After filling the conductive material 44 into the through holes 28A in the cavity substrate 28 as described with reference to FIG. 1, the first FPC board 30-1′ shown in FIG. 12 is arranged onto the cavity substrate 28, and the cavity substrate 28 and the FPC board 30-1′ are bonded together with an adhesive (for example, a polyimide adhesive).

Thereupon, the conductive material 44 is filled into the through holes 50-1′ of the first FPC board 30-1′, and the second FPC board 30-2′ is then arranged thereon and bonded with adhesive.

As shown in FIG. 12, the second FPC board 30-2′ has wiring patterns 48-2 a and 48-2 b and bumps 46-2 a and 46-2 b to be connected to further lands 42 (in four rows) other than the lands 42 connected to the first FPC board 30-1′.

Similarly to the first FPC board 30-1′, the wiring patterns 48-2 a connecting to the bumps 46-2 a (in two rows) positioned in the region on the upper side of the division extend to the upper end face in FIG. 12. On the other hand, the wiring patterns 48-2 b connecting to the bumps 46-2 b (in two rows) positioned in the region on the lower side of the division extend to the lower end face in FIG. 12.

The bumps 46-2 a and 46-2 b of the second FPC board 30-2′ are registered on the through holes 50-1′ of the first FPC board 30-1′, and are connected electrically to the lands 42 on the common liquid chamber forming substrate 26 shown in FIG. 3, by means of the conductive material 44 filled into the through holes 50-1′.

FIG. 13 is a plan diagram showing a state where the two FPC boards 30-1′ and 30-2′ have been mutually superimposed. Here, the embodiment is described in which the two FPC boards 30-1′ and 30-2′ are mutually superimposed and bonded, and a mode is also possible in which a larger number of FPC boards are mutually superimposed and bonded.

Furthermore, as described with reference to FIG. 11B, it is also possible to adopt the composition to reduce electromagnetic coupling (cross-talk) by staggering the superimposition of the wires between adjacent FPC boards (here, the first and second FPC boards 30-1′ and 30-2′).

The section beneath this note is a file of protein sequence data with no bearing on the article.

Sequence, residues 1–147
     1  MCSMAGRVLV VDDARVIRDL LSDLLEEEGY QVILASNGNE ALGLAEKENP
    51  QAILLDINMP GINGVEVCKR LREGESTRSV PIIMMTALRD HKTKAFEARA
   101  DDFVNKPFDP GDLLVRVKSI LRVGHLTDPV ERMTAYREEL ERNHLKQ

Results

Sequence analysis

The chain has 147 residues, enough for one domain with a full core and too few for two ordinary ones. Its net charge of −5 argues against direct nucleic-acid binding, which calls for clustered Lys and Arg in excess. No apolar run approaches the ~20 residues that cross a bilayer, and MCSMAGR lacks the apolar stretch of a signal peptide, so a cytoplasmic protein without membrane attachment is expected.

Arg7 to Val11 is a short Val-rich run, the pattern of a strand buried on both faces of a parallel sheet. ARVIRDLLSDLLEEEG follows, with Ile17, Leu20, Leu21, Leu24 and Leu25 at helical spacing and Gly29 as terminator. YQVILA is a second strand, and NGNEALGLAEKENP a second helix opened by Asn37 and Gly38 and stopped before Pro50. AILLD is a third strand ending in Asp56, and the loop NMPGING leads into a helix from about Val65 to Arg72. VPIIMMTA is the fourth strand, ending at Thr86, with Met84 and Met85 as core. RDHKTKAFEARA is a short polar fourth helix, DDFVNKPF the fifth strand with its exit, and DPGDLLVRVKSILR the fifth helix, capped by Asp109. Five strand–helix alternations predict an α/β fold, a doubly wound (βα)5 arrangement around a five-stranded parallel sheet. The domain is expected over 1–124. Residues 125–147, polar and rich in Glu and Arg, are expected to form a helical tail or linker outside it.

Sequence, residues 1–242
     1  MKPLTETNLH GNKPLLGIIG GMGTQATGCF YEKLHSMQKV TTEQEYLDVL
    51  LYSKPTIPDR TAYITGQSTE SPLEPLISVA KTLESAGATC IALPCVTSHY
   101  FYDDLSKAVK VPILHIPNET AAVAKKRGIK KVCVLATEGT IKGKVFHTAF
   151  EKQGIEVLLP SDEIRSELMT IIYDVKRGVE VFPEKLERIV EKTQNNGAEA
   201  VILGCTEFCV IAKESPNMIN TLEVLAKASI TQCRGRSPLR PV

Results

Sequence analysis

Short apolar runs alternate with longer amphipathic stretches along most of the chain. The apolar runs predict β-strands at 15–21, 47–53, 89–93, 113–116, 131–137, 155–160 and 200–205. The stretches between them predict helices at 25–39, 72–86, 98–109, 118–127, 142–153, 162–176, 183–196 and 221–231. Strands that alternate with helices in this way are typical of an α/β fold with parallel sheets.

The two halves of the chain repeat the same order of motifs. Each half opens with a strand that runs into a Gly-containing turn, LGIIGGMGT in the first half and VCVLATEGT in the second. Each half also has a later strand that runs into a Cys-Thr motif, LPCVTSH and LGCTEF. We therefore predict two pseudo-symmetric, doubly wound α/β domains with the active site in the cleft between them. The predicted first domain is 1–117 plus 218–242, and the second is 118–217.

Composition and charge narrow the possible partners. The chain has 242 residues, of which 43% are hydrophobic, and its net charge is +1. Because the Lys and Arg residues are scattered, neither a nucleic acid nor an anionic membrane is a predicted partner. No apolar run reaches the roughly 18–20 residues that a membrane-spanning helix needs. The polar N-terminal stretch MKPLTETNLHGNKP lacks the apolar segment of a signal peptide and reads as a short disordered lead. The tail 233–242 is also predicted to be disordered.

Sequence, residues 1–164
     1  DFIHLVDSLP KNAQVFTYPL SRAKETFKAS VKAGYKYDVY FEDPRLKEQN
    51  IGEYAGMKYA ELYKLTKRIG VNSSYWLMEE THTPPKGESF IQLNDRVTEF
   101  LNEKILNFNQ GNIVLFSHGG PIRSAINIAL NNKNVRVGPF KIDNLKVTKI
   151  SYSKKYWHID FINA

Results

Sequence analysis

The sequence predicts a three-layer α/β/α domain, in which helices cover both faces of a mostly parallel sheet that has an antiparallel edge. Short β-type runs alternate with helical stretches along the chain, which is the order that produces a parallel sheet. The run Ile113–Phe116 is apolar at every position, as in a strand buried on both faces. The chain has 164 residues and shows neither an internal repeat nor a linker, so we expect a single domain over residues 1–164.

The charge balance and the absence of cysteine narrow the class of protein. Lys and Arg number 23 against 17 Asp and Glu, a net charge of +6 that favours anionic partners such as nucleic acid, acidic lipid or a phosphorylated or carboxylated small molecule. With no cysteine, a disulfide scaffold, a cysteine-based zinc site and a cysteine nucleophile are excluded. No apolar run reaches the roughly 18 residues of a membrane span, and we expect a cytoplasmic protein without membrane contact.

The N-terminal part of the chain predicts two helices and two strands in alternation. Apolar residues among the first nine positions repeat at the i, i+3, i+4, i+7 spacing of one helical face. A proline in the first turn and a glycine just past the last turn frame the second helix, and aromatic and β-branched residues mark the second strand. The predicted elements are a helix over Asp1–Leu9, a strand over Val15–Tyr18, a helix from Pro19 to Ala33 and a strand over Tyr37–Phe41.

COMPARATIVE EXAMPLES

When it is sought to connect wires to a plurality of electrodes (lands 42) arranged in the two-dimensional matrix configuration shown in FIG. 2 by a method other than the methods according to the present invention, then a composition using an FPC board 60 capable of fine wiring (for example, fine wiring having a 1:1 line and space ratio with a line width of 7 μm and a space width of 7 μm), as shown in FIG. 14, can be envisaged. In FIG. 14, elements which are the same as or similar to those in FIG. 1 are denoted with the same reference numerals and description thereof is omitted here.

Looking in particular at the composition of the electrical connection part surrounded by the single-dotted line in FIG. 14, bumps 66 of the fine-patterned FPC board 60 are electrically connected directly to the lands 42 in the two-dimensional matrix arrangement exposed on the upper part of the flow channel structure (the upper surface of the common liquid chamber forming substrate 26), by means of conducting members 67, such as solder, conductive adhesive, or the like. Reference numeral 68 denotes a portion of wiring patterns formed on the FPC board 60.

However, in the case of the composition in which the connections are made by using a fine-patterned FPC board 60 as shown in FIG. 14, it is difficult to suppress undulation (waving) of the FPC board 60 in the connected state. As described in the section on the “Description of the Related Art”, in the connections using the bumps 66, since the tips of the bumps 66 generally have a conical shape or a hemispherical shape, and the FPC board 60 is liable to deform, then as the size of the substrate (FPC board) becomes larger, it becomes extremely difficult to achieve positional registration, which leads to difficulty of ensuring both good production yield and connection reliability.

Furthermore, the number of electrodes that can be covered by one FPC board 60 is limited to approximately several tens, and it is impossible to connect all of the electrodes to one FPC board 60 in respect of several tens of thousands of electrodes, as in the case of a high-density inkjet head.

As shown in FIG. 15, a plurality of wires are collected into the gaps (intervals) Gw between the lands 42 in the two-dimensional matrix arrangement, and overall, a large number of wires must be formed, as in the area surrounded by the single-dotted line in FIG. 15. However, due to restrictions on the number of electrodes which can be covered by one fine-patterned FPC board described above, in order to connect all of the lands, it is essential to arrange a large number of FPC strips. However, since insulating material of a prescribed area is required in the end part of each of the FPC strips, then a spare margin of space must be allowed when assembling the FPC strips, and this is a major impediment to achieving high-density wiring.